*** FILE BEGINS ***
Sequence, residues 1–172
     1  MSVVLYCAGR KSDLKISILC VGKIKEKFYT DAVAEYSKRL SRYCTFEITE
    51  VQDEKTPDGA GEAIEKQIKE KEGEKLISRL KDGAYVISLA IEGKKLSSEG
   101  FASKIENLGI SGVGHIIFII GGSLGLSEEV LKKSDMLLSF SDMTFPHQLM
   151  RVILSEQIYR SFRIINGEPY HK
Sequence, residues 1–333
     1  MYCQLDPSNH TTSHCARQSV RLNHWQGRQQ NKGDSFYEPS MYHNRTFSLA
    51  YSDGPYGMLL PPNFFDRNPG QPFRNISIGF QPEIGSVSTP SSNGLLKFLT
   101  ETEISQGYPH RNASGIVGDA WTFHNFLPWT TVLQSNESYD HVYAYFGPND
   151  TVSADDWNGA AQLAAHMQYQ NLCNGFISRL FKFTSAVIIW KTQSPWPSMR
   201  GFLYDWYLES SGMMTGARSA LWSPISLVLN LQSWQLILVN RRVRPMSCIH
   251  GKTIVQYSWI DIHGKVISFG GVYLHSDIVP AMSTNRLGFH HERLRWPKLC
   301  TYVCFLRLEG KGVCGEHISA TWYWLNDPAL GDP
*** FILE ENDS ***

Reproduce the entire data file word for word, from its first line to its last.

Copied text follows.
Sequence, residues 1–172
     1  MSVVLYCAGR KSDLKISILC VGKIKEKFYT DAVAEYSKRL SRYCTFEITE
    51  VQDEKTPDGA GEAIEKQIKE KEGEKLISRL KDGAYVISLA IEGKKLSSEG
   101  FASKIENLGI SGVGHIIFII GGSLGLSEEV LKKSDMLLSF SDMTFPHQLM
   151  RVILSEQIYR SFRIINGEPY HK
Sequence, residues 1–333
     1  MYCQLDPSNH TTSHCARQSV RLNHWQGRQQ NKGDSFYEPS MYHNRTFSLA
    51  YSDGPYGMLL PPNFFDRNPG QPFRNISIGF QPEIGSVSTP SSNGLLKFLT
   101  ETEISQGYPH RNASGIVGDA WTFHNFLPWT TVLQSNESYD HVYAYFGPND
   151  TVSADDWNGA AQLAAHMQYQ NLCNGFISRL FKFTSAVIIW KTQSPWPSMR
   201  GFLYDWYLES SGMMTGARSA LWSPISLVLN LQSWQLILVN RRVRPMSCIH
   251  GKTIVQYSWI DIHGKVISFG GVYLHSDIVP AMSTNRLGFH HERLRWPKLC
   301  TYVCFLRLEG KGVCGEHISA TWYWLNDPAL GDP